This fleshy plant is known for brilliant flowers in a variety of colors. Generally, blossoms open fully in bright light and close by mid-afternoon in hot weather. Portulaca thrives in high temperatures and intense sunlight and is not fussy about soil.

Blanket Flower
Gaillardia sp. - These easygoing summer bloomers feature daisy-like flowers in warm colors—yellow, orange, and red. They thrive on neglect, so put away the watering can and fertilizer. Their blooms make excellent cut flowers
The numerous selections of this flower are some of the garden’s most colorful, useful, and easy-to-grow plants. They bloom in late spring, thrive in heat, and tolerate to drought.

Zinnias are longtime garden favorites for colorful, round flowers. The flexible hot-weather plants don’t gain from being planted early and stand still until weather warms up.

Angelonia Angustifolia 
This tropical native blooms all summer and loves the heat. The plant displays showy spikes of blue, purple, pink, or white blossoms, and hybrids offer additional color selections. They are excellent as bedding plants or in containers.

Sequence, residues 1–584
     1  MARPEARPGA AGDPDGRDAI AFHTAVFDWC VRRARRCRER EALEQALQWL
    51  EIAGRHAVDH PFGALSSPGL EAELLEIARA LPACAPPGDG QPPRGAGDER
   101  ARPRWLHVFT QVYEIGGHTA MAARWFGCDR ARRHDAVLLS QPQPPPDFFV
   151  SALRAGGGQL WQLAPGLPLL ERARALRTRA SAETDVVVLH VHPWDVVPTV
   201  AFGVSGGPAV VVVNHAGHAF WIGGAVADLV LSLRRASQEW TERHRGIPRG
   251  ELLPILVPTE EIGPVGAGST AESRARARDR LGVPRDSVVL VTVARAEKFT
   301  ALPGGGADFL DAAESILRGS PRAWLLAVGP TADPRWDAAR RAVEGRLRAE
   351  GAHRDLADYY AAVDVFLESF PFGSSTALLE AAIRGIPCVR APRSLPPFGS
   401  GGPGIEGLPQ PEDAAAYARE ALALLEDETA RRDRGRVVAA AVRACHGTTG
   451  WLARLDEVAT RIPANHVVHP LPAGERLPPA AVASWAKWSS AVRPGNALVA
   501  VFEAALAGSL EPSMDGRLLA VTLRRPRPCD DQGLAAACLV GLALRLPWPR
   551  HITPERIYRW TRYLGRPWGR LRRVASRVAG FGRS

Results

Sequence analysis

Save Our Water Outdoor

Outfit your hose with a shut-off nozzle which can be adjusted down to fine spray so that water flows only as needed. When finished, "Turn it Off" at the faucet instead of at the nozzle to avoid leaks.

  • Mulch! Save hundreds of gallons of water a year by using organic mulch around plants to reduce evaporation.
  • If you have a swimming pool, consider a new water-saving pool filter. A single back flushing with a traditional filter uses from l80 to 250 gallons or more of water.